Currituck County has won the latest round of a legal dispute over how it spends millions in occupancy tax dollars collected primarily from Outer Banks vacation rentals and hotels in Corolla, Swan Beach and Carova Beach.
Superior Court Judge Wayland Sermons, Jr., delivered the ruling following a December 6 hearing in Pasquotank County Superior Court, where he granted the county’s motion for summary judgment while denying the Corolla Civic Association’s partial motion for summary judgment.
“The county is pleased with the court’s ruling which is an affirmation that the county has used occupancy tax revenue in accordance with state law and is a good steward of public funds,” said County Attorney and interim County Manager Ike McRee.
The association responded to the county’s news release in a Facebook post Monday afternoon:
There are two sides to every story, and we are evaluating our options. You should note that the trial court judge did not issue a formal legal opinion — merely an email with a cryptic statement that he found for the Defendants on the Summary Judgment motion followed by “these are very interesting legal issues and I look forward to how my appellate colleagues will view them.”
Thus, the trial court judge perhaps decided that interpretation of the statute was better addressed at the Court of Appeals level.
It should be remembered that the organization that was the driving force behind getting the NC legislature to change the language of the OT statute, NC Travel & Tourism Coalition, agrees with us.”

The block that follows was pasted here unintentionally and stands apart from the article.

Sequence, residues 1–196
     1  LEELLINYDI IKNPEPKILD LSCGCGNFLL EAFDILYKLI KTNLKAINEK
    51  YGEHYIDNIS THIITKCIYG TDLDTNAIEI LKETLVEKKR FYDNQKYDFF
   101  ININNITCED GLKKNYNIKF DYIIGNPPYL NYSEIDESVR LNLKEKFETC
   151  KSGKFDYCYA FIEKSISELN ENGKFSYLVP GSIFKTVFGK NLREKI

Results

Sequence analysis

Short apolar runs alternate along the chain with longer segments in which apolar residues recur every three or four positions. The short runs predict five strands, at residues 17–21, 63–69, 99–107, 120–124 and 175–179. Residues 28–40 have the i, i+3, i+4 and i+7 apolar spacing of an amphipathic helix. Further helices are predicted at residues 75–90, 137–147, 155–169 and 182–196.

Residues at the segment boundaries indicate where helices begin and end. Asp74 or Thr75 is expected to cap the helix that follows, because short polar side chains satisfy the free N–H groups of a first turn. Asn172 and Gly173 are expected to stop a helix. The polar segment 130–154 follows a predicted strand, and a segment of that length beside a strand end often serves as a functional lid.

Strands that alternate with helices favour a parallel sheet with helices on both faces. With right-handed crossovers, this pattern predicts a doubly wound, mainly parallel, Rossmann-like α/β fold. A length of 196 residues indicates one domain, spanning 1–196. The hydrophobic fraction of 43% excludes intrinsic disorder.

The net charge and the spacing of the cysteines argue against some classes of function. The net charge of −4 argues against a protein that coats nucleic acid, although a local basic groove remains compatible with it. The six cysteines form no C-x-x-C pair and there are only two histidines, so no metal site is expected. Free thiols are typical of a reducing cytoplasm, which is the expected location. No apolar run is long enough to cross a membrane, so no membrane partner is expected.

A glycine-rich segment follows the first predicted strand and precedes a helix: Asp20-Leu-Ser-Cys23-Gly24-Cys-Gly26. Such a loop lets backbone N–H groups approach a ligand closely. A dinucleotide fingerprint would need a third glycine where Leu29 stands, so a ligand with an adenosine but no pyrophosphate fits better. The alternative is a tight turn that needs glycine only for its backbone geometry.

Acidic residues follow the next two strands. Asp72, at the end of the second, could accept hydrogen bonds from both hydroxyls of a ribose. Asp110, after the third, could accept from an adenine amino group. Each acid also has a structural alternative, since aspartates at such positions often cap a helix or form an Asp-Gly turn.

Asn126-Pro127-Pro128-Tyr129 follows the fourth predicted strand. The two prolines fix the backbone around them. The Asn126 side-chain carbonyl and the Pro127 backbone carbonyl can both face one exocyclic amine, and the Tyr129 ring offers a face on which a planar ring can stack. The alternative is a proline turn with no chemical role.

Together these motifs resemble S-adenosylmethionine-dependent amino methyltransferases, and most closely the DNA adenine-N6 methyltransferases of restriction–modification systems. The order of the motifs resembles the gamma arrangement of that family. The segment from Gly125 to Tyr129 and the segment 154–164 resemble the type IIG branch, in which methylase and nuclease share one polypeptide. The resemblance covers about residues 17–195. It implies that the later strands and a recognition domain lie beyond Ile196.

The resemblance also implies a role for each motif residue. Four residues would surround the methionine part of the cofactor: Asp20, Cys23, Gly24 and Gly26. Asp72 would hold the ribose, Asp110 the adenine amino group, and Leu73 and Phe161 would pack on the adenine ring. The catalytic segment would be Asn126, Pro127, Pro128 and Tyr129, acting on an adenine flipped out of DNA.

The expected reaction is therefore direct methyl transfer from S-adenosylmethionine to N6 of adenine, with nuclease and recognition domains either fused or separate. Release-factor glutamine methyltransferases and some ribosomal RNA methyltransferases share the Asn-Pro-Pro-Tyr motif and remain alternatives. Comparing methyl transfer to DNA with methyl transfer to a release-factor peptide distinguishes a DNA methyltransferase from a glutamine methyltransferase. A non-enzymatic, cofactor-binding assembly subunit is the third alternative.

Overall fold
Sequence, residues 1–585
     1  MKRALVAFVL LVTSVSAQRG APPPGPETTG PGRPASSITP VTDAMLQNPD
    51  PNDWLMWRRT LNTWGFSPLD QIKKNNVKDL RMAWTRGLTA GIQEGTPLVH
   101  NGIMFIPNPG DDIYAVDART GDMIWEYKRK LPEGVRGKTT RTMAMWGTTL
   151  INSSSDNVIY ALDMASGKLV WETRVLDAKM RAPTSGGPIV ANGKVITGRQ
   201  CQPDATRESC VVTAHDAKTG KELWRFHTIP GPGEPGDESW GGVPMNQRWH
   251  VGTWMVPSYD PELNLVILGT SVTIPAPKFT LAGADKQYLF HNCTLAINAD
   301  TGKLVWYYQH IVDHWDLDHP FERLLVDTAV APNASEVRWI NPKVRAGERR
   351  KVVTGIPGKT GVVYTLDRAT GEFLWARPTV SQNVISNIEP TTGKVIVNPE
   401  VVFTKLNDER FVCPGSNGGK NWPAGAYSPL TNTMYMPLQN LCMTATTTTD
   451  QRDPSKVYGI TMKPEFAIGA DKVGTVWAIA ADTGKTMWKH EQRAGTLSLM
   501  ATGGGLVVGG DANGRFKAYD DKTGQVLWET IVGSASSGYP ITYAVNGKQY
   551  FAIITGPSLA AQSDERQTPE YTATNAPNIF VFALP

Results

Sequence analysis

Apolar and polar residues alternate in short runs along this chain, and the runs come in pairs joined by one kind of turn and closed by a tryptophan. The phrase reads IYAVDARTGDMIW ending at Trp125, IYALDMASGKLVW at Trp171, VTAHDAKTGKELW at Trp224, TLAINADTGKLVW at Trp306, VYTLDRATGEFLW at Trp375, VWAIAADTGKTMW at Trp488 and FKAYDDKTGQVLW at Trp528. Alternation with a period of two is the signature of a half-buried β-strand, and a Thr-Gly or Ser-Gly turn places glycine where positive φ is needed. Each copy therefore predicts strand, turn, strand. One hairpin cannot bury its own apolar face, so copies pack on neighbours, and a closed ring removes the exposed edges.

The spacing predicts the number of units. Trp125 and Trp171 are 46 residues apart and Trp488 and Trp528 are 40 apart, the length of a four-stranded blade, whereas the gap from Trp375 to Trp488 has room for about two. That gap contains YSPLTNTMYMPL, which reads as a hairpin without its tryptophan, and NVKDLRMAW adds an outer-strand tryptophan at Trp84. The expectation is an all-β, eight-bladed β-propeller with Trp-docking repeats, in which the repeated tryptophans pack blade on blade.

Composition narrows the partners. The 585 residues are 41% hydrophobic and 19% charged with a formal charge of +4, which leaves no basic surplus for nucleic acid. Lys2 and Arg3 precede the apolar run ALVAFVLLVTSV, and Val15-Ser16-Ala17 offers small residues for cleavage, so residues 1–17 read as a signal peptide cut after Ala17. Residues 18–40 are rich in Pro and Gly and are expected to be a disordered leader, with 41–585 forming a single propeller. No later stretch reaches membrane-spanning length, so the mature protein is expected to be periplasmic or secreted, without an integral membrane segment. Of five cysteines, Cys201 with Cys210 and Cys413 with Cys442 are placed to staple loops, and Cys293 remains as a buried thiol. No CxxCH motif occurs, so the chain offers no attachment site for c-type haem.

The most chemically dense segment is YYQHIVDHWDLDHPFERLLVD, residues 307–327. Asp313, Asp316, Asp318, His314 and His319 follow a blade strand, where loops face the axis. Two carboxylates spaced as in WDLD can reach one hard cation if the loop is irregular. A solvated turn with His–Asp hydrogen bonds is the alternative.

The Corolla Civic Association and 23 property owners filed the suit in May 2019, claiming the county improperly spent occupancy tax revenue and requested up to $40 million be transferred from the county’s General Fund back to the Occupancy Tax fund.
The suit alleged nearly all of the tax charged on hotel rooms and vacation rentals was collected on the Currituck Outer Banks, but the money has been mostly spent on projects on the mainland.
Those projects included construction and operation of a recreation center, YMCA and sports facilities in Maple, the Currituck Rural Center in Spot, renovations to Currituck Veterans Park in Coinjock, a loan to the water system supplying the lower Currituck Banks, among others.
The plaintiffs also said the money went to non-tourism related items, such as law enforcement and public safety services, above and beyond what the state statute allows.
A major point of contention from the association over the occupancy tax has been apparent “inaction” by the county to address rapid erosion of stretches of beach and dunes on the Currituck Banks.
They claimed in the suit filed in 2019 that less than $50,000 had been spent at the time on sand loss, mostly through grants for oceanfront property owners to pay for sand fences and beach grass planting.
In an October 2019 order, Judge Sermons denied CCA’s request for a preliminary order enjoining Currituck County’s use of occupancy tax revenue for public safety purposes.
Last July, Sermons dismissed the CCA’s North Carolina constitutional claim that Currituck County was improperly spending occupancy tax revenue.
Sermons also granted the county’s motion to remove former County Manager Dan Scanlon and the members of the Board of Commissioners as defendants from the lawsuit, clarifying the defendants as Currituck County and the Tourism Development Authority.